The EAT ruled that the doctrine of frustration did apply to contracts of employment even where those were terminable on short notice. However, although as a matter of practical reality there are issues of disability, sickness and absence for other reasons, it was bad practice to do what the employer did in this case and simply send the P45 without making further inquiries.
In the case of a disabled person, before the doctrine of frustration can apply, there is an additional factor which is whether the employer is in breach of a duty to make reasonable adjustments. While there is something which it is reasonable to expect the employer to do in order to keep the employee in employment, the doctrine of frustration can have no application.
The tribunal at first instance had not made findings on whether the employer treated W unfavourably by failing to carry out any form of capability procedure and by dismissing him without any form of enquiry or procedure. There had been no findings and it was arguable that there was unfavourable treatment as a result of something arising in consequence of W’s disability which would need to be justified. Further, it was questionable whether the employer’s conduct could be seen as a proportionate means of achieving a legitimate aim. The matter was remitted to the same tribunal for further consideration.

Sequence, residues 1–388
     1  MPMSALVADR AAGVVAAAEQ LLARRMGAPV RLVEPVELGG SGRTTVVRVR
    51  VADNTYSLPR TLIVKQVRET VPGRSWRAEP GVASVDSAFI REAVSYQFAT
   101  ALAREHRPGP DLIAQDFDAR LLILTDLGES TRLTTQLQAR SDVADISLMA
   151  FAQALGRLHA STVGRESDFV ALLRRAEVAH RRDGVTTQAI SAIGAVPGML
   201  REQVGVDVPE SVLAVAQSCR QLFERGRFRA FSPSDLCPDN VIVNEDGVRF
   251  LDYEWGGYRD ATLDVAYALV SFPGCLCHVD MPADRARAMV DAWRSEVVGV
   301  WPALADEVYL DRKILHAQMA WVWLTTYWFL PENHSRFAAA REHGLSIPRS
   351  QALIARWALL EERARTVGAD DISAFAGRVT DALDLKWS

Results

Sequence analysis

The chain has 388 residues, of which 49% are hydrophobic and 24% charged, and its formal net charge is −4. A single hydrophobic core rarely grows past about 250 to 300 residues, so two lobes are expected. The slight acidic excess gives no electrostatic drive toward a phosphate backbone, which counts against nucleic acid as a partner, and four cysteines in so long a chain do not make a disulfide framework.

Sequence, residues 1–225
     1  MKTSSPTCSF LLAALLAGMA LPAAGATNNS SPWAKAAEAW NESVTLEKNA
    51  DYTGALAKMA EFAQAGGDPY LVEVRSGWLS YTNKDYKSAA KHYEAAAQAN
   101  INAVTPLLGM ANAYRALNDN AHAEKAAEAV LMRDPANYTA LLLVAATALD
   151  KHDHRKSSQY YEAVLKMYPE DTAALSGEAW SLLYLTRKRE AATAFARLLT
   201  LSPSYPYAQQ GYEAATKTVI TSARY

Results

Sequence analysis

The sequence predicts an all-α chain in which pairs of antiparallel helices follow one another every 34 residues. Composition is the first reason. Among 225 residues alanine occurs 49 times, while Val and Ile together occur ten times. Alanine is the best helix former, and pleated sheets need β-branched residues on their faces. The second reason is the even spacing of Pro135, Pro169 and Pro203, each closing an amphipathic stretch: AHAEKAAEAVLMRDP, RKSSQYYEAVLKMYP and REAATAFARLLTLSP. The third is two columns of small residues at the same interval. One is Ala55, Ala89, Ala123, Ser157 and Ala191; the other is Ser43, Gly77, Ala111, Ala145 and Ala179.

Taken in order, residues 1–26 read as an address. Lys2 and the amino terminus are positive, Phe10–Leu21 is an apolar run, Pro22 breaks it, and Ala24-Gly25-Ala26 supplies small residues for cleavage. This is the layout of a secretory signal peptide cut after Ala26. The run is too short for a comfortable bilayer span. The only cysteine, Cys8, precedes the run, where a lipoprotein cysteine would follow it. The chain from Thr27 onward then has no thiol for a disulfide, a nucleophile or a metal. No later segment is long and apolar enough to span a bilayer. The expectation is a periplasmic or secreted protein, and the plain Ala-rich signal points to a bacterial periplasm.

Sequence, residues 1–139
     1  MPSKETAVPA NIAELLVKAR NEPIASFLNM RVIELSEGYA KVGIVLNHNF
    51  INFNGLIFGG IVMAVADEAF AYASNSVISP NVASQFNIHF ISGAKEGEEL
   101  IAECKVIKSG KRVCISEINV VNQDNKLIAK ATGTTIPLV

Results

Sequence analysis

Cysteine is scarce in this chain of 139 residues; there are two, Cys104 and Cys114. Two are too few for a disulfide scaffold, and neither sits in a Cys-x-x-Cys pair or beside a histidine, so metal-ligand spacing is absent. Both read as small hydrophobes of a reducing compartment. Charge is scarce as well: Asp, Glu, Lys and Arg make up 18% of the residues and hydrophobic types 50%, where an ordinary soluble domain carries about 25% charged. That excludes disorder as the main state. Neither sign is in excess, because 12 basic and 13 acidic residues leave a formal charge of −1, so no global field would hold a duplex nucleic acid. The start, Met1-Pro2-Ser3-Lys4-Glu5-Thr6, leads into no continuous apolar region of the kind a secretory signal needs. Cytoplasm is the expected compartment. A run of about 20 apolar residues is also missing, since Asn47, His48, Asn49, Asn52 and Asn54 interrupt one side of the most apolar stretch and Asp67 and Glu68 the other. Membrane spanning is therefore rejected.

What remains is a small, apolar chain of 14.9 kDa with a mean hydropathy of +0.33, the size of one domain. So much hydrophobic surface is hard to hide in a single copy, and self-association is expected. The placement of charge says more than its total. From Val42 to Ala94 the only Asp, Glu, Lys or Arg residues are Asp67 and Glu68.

Another example is the case of Notcutt v Universal Equipment Co (1986). N was employed by UE for 28 years as a milling machine operator. He suffered a disabling heart attack in 1983. Following several months of absence the employer asked for a medical report. This stated that he was unlikely to ever be able to return to work. Eight months after the heart attack, the employer gave N notice of termination of his employment. On behalf of the employer it was argued that the contract of employment had been terminated by frustration before the notice had been given.
The case reached the Court of Appeal which ruled that there was no reason in principle why a contract of employment determinable by notice should not be subject to the long established doctrine of frustration. The coronary which left N unable to work again was an unexpected occurrence which made his performance of the contractual obligation to work impossible and brought about such a change in the significance of the mutual obligations that the contract, if performed, would be a different thing from that contracted for.
Whether the impact of Covid 19 on contracts of employment can be treated as a frustrating event, making the contracts effectively null and void, has not yet been decided by the courts. It would seem to be inevitable that the issue will be the subject of litigation.